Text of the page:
I had persuaded Adams, my brother, to vote Buhari as I did not like the way late Umar Musa Yar’adua was bundled into the race, unprepared. When Buhari came to Jos for his political campaign, his followers sharpened cutlasses along the Bukuru Expressway and chanted religious slogans. Adams was disenchanted and voted Okotie.

During the visit to Jos, Okotie was hosted by the Nigerian Television Authority, NTA, Jos. Adams watched and was astonished by the way Okotie answered questions flung at him. He came to the conclusion that Okotie is the type of man he would have wanted as Nigeria’s President. He used his vote to make a statement, certain that Okotie will not win. Had Adams told me this, prior to the election, I would have acted likewise.

In 2002 as the campaign for the presidential elections gains force, I was still in Port Harcourt. An oil worker and fellow tribesman, Sunny Timeh, perceived Okotie’s expression of interest in the Presidency as an insult to Nigerians. According to him: “how can someone declare he wants to become Nigeria’s President after wearing jerry curls, tying a cotton band around his waist and dancing with a petty guitar?” I also listened to a friend of mine joked about Okotie’s presidential campaign, years later. According to this friend, the campaign poster of Okotie and his female running-mate actually looked like a wedding poster. The “cocoonus” north of Nigeria see Okotie as a man who is too western in lifestyle and will not embrace their aspirations as a result. They are also of the feeling that a man like Okotie is the type that will throw a disco party in the state house in the event of becoming a president, an outrage. To them it is like a throwing a party in a hallowed temple.

I have often thought that a political revolution must involve an apocalypse (!). The initial stages of The Arab Spring however taught me otherwise. As we have seen in Syria, even a violent approach has failed to bring about that desperately-desired political change. The change that can bring about a revolution in Nigeria is that of the mind, a change that will let us understand what we truly need, a change that makes us understand that the president we need must not wear a fluttering traditional agbada with a cap to fit and chant banal political slogans.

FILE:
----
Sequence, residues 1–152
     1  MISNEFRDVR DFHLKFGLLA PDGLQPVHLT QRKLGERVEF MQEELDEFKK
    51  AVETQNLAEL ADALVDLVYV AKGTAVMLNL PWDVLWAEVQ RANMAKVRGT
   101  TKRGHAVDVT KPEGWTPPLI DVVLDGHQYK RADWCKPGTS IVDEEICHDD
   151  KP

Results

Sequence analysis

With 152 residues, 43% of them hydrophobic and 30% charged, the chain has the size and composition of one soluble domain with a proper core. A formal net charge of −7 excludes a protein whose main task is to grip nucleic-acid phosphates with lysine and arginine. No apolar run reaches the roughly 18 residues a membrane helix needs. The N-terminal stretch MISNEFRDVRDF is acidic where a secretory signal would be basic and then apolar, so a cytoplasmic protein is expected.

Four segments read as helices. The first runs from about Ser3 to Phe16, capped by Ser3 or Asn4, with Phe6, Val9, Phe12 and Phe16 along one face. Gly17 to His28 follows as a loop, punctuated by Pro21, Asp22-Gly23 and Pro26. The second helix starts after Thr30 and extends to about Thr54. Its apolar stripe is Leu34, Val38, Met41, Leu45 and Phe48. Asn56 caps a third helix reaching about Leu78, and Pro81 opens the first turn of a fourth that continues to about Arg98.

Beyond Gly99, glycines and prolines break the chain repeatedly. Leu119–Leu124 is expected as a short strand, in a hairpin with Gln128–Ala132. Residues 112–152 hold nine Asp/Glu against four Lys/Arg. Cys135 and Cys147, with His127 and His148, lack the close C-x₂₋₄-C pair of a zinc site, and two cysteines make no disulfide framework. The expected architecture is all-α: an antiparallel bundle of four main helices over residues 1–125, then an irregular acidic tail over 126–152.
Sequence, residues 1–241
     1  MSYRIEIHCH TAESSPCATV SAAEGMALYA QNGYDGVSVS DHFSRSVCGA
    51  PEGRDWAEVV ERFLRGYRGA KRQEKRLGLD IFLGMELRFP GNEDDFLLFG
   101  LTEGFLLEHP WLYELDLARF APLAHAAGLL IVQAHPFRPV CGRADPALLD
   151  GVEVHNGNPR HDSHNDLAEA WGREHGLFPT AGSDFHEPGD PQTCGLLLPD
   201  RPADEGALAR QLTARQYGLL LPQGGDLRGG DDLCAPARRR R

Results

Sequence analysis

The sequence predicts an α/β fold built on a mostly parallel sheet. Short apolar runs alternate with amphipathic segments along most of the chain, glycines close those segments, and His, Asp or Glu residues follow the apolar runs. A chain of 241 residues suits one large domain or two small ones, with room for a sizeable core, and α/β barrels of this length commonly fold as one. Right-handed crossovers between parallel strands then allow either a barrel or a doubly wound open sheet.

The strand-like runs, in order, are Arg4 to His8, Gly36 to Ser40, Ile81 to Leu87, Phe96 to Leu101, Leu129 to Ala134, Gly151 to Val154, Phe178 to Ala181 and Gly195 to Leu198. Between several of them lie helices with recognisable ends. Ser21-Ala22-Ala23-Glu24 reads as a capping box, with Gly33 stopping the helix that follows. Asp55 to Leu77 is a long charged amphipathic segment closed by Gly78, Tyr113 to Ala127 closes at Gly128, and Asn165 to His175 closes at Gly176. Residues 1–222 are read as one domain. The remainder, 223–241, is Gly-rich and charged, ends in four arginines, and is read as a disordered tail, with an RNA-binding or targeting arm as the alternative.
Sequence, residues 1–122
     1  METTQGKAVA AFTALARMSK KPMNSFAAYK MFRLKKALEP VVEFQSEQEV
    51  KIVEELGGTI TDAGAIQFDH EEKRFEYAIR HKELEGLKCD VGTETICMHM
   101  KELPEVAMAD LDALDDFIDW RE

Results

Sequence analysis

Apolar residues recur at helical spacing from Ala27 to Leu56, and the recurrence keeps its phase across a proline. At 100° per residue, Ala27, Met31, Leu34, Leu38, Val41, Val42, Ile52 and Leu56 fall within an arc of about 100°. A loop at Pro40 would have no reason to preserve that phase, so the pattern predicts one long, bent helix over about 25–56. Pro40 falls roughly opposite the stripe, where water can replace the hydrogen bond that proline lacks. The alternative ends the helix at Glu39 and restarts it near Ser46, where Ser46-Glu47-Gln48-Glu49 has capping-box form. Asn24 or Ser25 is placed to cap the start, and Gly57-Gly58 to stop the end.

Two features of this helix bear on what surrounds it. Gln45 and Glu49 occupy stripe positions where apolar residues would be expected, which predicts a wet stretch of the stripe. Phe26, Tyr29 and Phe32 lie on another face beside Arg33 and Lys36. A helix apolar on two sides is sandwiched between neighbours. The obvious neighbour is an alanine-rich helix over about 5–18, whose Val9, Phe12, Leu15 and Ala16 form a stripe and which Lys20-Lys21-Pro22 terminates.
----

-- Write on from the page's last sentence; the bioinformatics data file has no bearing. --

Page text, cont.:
Perhaps Sunny has been right, to a certain degree. Okotie does not help his political ambition, by insisting on the ultimate as a starter. Yar’adua rose from lecturer to governor and, ultimately, to president. Goodluck Jonathan went through a very similar path. Okotie should have aimed at something comparatively modest such a governor, senator or aspire for a cabinet ministerial position and use it to exemplify what he can do. I don’t want to see his insistence on the ultimate as a show of poisonous hubris, often administered by the campuses of universities; he is humble and philanthropic with emphasis on apache kids.

Our inability, as voters, to look around to see what goes on elsewhere shows that we could be the problem of our own country and not the leadership, that what goes on at the leadership ranks is normal: a stage that many nations had passed through, albeit briefly as they had scrupulously rational and ruthless electorates. We need not look too far to see instance of individuals who came from modest backgrounds to become leaders of their own nations. Recently, Nicholas Maduro became the President of Venezuela after Hugo Chaves, his boss, died of cancer. Maduro was a bus driver. Also recently, was the election of Michel Martelly to become the Prime Minister of Haiti. Like Okotie, he was a musician. Lula Da Silva, who, a few years back, ended his second term as Brazil’s President, oversaw the country’s most remarkable period of development, a period during which it showed one of the world’s fasted growth rates alongside other nations with which they collectively came to be known as the BRICS nations. Lula was, at one time, a shoe-shine boy. Andry Rajeolina is Madagascar’s leader. He was a disc jockey (or DJ, in case disc jockey sounds too advanced).